Apply the tempered hardboard skin to the arch framework with roofing nails. Cut a large hole in the center of each arch. This makes removing the form much easier.
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Step 14

Start the Fire Brick Arch

Center the arch form on the oven base and start setting fire bricks from both sides of the form. Figure the mortar joints as you go, working it out to avoid cutting any bricks. Use refractory mortar to set the fire bricks.
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Step 15

Finish the Arch

Continue working up the arch, staggering the fire brick joints on each consecutive course. After setting all the fire bricks, we applied a parge coat of mortar to the whole arch. (A thin coat gives a smooth, continuous surface to apply the outer bricks.) We left the fire bricks in the flue area loose for the time being.
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Step 16

Apply the Brick Veneer

Once the mortar sets on the fire brick arch, add the outer brick veneer. We applied mortar to each brick, then filled in where needed using a grout bag. Once the mortar begins to set, tool the mortar joints.
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Step 17

Set the Flue

Cut out an area in the two top front fire bricks to accommodate the opening in the flue. Set those fire bricks, then mortar the flue in place. When the mortar is firm, continue setting the remaining outer bricks, cutting them to fit around the flue.
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Step 18

Remove the Form

Let the arch cure for a day or two, then carefully remove the arch form. Start by unscrewing the ends. Then, as gently as possible, pull the ribs free of the hardboard. Avoid prying or pounding. You don’t want any cracks in the mortar joints .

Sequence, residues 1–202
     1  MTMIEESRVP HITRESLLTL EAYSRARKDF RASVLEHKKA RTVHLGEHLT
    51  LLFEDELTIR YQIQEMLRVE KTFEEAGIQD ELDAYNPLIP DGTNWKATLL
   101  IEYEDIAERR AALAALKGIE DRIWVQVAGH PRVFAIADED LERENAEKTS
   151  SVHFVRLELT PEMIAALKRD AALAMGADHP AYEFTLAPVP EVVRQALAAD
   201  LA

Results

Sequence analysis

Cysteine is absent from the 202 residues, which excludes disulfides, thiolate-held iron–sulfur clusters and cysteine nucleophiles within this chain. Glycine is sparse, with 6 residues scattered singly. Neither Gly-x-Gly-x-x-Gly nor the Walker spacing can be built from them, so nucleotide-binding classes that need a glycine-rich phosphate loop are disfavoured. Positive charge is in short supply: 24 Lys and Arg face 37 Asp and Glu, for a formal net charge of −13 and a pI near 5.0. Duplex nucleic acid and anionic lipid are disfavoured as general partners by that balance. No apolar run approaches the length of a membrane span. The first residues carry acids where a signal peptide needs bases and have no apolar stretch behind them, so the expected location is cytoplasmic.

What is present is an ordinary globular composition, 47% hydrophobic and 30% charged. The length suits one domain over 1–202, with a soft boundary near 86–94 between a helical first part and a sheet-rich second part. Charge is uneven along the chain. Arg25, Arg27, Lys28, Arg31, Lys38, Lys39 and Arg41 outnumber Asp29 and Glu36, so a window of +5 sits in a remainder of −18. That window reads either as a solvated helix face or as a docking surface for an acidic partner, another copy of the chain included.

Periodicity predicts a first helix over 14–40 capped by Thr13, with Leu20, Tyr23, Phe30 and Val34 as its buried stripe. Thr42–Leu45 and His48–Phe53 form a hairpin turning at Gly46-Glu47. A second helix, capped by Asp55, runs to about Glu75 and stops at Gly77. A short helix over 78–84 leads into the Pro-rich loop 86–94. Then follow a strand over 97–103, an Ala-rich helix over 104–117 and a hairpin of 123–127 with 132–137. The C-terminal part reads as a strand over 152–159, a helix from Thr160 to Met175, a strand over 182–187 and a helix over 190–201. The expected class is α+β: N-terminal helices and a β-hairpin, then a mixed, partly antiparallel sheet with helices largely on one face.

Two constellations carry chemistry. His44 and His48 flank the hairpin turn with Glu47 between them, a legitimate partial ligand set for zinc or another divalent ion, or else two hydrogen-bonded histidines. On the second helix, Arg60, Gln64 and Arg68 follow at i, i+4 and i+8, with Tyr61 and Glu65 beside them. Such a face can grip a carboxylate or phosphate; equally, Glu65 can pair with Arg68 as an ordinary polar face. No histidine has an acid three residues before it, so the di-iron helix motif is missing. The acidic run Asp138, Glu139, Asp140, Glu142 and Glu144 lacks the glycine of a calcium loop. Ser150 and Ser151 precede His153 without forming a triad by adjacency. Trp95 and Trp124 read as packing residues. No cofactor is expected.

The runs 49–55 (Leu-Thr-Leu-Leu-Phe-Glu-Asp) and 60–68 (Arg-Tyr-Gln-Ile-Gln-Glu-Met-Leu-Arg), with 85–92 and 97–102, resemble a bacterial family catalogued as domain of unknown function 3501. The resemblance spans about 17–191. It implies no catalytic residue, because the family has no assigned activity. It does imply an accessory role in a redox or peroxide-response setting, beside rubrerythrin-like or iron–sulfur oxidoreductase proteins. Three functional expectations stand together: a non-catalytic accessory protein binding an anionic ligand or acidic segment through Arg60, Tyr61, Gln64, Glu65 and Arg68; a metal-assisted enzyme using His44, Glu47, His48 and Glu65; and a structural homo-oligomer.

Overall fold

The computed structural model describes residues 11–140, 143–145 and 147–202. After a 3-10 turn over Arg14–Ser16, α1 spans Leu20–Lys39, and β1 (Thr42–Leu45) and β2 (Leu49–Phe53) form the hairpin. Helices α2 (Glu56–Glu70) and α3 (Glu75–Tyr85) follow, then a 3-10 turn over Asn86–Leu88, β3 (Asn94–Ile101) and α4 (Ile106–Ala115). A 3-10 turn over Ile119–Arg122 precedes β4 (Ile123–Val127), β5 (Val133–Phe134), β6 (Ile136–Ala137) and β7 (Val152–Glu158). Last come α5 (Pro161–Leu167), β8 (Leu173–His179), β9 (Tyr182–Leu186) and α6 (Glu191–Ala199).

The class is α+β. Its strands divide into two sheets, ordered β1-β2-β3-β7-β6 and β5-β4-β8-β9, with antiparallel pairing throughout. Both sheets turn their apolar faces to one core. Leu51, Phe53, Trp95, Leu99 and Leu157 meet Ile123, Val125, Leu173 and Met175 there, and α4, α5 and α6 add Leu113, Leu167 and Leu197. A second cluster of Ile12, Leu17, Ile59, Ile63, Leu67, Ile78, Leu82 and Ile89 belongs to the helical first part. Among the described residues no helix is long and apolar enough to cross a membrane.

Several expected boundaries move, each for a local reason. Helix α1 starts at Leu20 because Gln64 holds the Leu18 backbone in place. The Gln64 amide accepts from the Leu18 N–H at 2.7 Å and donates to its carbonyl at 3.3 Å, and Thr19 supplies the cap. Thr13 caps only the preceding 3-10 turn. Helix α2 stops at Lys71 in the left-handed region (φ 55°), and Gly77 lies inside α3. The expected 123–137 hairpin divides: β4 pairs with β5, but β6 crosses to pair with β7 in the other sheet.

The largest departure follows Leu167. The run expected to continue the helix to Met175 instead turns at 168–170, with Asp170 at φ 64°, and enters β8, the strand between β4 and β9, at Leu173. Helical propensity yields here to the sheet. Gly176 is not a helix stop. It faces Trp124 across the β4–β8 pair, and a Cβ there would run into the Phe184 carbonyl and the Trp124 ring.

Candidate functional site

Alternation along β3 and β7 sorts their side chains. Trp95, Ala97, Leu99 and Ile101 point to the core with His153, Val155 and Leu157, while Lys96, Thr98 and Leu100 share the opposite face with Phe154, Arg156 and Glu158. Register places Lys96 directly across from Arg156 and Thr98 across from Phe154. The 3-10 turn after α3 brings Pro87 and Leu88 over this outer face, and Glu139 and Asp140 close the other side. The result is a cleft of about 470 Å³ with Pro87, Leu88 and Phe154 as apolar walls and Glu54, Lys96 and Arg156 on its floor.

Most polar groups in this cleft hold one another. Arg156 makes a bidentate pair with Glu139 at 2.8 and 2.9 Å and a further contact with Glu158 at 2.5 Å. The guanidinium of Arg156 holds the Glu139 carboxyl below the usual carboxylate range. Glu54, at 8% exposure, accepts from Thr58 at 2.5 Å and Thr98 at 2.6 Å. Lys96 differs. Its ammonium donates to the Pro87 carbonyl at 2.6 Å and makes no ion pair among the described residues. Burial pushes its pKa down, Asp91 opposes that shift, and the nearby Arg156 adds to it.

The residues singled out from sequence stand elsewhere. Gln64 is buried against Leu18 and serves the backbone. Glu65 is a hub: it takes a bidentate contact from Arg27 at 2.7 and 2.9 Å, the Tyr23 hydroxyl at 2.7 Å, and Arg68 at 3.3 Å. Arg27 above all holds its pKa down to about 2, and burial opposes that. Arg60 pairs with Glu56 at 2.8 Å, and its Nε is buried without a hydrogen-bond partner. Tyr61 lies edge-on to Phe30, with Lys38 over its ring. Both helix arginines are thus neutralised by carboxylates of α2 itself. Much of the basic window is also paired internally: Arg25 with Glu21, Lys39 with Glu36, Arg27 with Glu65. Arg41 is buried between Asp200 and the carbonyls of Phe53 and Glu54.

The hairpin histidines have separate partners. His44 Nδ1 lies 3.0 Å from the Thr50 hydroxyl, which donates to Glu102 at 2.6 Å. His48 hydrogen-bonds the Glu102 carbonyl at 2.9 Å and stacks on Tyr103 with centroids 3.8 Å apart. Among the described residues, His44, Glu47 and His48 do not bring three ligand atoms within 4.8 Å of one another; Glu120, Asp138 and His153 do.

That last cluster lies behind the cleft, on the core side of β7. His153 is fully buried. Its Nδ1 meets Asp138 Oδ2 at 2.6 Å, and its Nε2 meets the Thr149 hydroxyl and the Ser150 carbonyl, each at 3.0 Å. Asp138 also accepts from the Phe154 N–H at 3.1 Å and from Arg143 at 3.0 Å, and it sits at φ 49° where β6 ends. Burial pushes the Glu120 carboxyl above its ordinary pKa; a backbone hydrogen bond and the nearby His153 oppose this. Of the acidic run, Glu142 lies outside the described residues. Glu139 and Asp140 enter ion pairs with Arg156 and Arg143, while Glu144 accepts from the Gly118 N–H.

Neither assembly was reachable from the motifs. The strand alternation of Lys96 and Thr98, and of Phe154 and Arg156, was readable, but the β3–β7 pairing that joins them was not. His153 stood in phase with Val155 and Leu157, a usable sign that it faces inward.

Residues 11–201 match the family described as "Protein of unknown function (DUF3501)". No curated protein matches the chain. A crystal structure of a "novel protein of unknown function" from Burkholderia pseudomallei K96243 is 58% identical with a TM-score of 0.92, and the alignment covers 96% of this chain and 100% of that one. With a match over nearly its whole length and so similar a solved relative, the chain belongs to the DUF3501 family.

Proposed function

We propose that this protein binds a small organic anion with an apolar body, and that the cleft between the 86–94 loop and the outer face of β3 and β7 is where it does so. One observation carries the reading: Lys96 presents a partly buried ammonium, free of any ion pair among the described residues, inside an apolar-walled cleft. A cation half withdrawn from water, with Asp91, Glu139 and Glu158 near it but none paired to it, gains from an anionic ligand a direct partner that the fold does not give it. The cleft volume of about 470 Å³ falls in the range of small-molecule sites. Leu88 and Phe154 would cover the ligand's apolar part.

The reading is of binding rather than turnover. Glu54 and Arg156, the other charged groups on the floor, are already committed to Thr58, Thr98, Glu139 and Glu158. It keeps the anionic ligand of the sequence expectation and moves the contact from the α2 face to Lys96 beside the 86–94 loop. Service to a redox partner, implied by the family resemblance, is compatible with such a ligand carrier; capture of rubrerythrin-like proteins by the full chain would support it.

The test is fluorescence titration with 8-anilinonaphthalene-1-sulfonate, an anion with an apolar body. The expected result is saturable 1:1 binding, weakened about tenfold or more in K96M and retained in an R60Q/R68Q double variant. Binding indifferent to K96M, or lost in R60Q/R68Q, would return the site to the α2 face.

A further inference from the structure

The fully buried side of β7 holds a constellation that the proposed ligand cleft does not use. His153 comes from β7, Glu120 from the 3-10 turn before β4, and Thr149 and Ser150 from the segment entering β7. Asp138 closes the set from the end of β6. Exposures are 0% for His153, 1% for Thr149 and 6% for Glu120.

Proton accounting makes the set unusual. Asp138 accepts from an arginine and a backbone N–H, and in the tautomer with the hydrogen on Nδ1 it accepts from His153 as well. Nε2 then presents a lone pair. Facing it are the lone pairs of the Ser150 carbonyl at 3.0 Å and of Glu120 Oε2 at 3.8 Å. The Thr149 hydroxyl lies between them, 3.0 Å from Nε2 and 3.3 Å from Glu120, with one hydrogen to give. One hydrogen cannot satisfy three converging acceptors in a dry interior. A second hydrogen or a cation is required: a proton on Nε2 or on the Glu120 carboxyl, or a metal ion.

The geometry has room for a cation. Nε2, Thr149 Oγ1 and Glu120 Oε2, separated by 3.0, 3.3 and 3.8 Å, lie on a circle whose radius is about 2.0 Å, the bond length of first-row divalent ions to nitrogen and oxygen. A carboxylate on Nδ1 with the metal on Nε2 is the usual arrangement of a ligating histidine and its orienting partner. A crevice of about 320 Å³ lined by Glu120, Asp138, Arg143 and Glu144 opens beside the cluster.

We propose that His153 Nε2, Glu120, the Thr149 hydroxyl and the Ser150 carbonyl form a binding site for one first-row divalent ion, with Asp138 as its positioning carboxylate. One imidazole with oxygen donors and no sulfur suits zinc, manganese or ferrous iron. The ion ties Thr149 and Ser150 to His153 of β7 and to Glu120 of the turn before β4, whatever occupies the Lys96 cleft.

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Step 19

Fill the Back

Fill in the back of the oven with fire brick followed by a parge coat. Cover the back using slices of the outer brick mortared to the parge coat. Fill in the joints using a grout bag.
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Step 20

Veneer the Flue

We used brick slices to veneer the flue. We staggered the corner joints and filled in mortar around the flue as we built up the veneer. At the top, we capped the bricks with a coat of mortar sloped to shed water. You can skip veneering the flue if you like.
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Step 21

Veneer the Front Corner

To cover the concrete block base, we applied cultured stone veneer with landscape adhesive. We started on the inside and wrapped around the front corner, then worked around the whole base. I placed cardboard shims to hold the stone up off the slab for water drainage.
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Step 22

Finish the Base

Continue applying the cultured stone all the way around and back inside, working your way up. At the corners and the top, you’ll need to trim the stones, but they’re easy to cut with an angle grinder outfitted with a diamond wheel.